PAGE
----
Orillia Extends Moratorium on Development Fees

Posted on Friday March 08, 2013
Construction Site

Industrial developers doing business in the City of Orillia will continue to get a break.

Orillia City Council has extended a moratorium on Industrial Development Charges until June, 2017, following the success the city has experienced waiving the fees over the past three years.

The collection of development charges is used to cover growth-related costs of municipal infrastructure, which paves the way for future development.

In June 2010, Council instituted a three-year moratorium on industrial related development charges to encourage development in the local manufacturing sector. The moratorium was set to expire in June 2013.

Council originally voted to extend the moratorium to the end of 2013 in order to consider the future of the incentive during its 2014 budget deliberations. As part of its 2014 budget process, Council voted to extend the life of the moratorium until June, 2017.

Industrial developers doing business in the City of Orillia will continue to get a break.

Orillia City Council voted this week to extend a moratorium on Industrial Development Charges for one year, following the success the city has experienced waiving the fees over the past three years.

The collection of development charges is used to cover growth-related costs of municipal infrastructure, which paves the way for future development.

In June 2010, Council instituted a three-year moratorium on industrial related development charges to encourage development in the local manufacturing sector. The moratorium was set to expire in June 2013.

“People have asked was it worth it,” said Economic Development Committee chair Councillor Michael Fogarty. “I think the numbers speak for themselves. This is an initiative definitely worth continuing.”

A total of five local companies have taken advantage of the industrial development charge moratorium to date.

Among them were two of the city’s largest manufacturers, Kubota Metal Products and CCI Thermal Inc.

CCI doubled the size of its plant, from 50,000 square feet to 100,000 square feet, at a cost of $2.5M.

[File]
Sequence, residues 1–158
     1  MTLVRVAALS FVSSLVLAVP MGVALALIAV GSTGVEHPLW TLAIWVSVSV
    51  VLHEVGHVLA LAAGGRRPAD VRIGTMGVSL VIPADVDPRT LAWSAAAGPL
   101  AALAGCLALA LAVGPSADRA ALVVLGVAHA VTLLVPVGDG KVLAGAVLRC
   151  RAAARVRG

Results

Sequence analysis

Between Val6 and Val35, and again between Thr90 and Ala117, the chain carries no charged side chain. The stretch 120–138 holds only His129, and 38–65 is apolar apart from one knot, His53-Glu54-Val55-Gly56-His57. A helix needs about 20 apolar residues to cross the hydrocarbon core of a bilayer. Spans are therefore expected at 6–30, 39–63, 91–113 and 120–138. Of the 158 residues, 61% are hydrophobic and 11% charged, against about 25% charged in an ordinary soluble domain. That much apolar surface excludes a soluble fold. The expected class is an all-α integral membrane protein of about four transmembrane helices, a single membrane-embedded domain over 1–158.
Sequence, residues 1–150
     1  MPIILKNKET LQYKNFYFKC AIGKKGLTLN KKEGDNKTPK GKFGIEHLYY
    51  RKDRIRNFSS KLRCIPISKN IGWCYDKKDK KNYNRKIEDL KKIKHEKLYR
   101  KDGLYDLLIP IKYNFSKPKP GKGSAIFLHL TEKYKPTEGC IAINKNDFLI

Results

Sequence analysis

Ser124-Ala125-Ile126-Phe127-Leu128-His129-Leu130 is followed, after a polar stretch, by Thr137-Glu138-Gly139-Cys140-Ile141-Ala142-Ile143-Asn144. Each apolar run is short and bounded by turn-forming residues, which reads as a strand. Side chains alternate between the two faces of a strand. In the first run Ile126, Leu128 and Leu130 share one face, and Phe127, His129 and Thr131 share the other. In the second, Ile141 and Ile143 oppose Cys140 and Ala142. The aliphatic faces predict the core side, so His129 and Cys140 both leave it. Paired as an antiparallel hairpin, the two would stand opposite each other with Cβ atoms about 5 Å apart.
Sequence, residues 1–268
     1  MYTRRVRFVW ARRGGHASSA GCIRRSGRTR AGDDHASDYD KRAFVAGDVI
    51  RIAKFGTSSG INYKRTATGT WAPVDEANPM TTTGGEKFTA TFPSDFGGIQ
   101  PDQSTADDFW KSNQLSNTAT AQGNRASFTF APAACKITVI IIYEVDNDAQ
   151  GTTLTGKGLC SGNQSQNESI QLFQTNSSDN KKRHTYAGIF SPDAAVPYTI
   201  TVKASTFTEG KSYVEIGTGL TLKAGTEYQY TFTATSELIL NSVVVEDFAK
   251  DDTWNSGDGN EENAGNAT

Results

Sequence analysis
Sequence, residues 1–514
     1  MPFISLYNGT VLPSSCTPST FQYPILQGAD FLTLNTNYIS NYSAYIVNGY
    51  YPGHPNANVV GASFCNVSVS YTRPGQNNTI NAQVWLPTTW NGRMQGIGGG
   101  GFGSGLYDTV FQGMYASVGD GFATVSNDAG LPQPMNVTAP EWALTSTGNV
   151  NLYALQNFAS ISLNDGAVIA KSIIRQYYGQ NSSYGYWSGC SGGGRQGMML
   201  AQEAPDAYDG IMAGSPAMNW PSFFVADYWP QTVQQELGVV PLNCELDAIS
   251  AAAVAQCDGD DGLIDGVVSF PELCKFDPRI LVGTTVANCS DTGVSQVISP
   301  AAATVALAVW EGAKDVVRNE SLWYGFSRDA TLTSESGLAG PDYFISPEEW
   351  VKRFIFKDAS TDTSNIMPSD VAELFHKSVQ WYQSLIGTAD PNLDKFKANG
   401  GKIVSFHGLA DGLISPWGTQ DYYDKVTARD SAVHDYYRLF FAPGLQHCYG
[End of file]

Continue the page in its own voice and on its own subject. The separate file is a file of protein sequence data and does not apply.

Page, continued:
Kubota has built a new $12.4M, 40,000-square-foot plant to develop a product used in the manufacturing of ceramic brake pads.

These two industrial developments are expected to lead to between 30 and 50 new industrial jobs.

Officials from both Kubota and CCI credited the Industrial DC Moratorium for their companies’ decisions to expand their operations.

Prior to the DC moratorium, the value of industrial building permits in Orillia during 2010 was $180,000. The value of industrial building permits in 2009 was $1.28M.

Since the Industrial DC Moratorium has been in place, more than $7.4M in industrial building permits have been issued in the City of Orillia.

The increased payroll at Kubota and CCI Thermal is estimated to be approximately $2M annually.

Increased taxes from the developments during the DC Moratorium are estimated to be approximately $100,000 annually.

The one-year Total Direct Return on the DC Moratorium is estimated to be approximately $7.7M. The Total Direct Return over five years is estimated to be approximately $10.5M.

Using an accepted economic development multiplier formula, it is estimated the Total Indirect Return, or spinoff to the local economy, in the first year will be approximately $15M.

Over five years, the Total Indirect Return is estimated to be approximately $21M.

A surplus of $925,000 in the City’s prepaid Development Charges Fund has been used to fund the program. The DCs forgiven as part of the three-year moratorium have totaled approximately $464,000. The balance in the prepaid DC Fund will be used to fund the extension of the program.

City Council will consider eliminating Industrial DCs all together during upcoming budget deliberations this summer.

“The competition to attract new development and encourage the growth of existing businesses, particularly in the industrial sector, has put increased pressure on communities to develop creative strategies and initiatives,” said Manager of Economic Development Dan Landry. “Research shows commercial and residential growth has a tendency to follow a stronger industrial base. Also, industrial development tends to result in higher numbers of employees generally earning higher levels of income.”

Landry added the spending power of these employees creates a trickle-down effect in the local economy, driving demand for commercial and residential related services.

The City’s Economic Development Committee researched and discussed the benefits of extending the moratorium and concluded a focus on relieving industrial development charges over commercial and residential charges represents a higher and more cost-effective return on investment potential.

The DC Moratorium will continue to be promoted as a feature to attract new industry to the City.

For more information, contact:

Dan Landry
Manager of Economic Development
City of Orillia
705-325-4900
Dandry@orillia.ca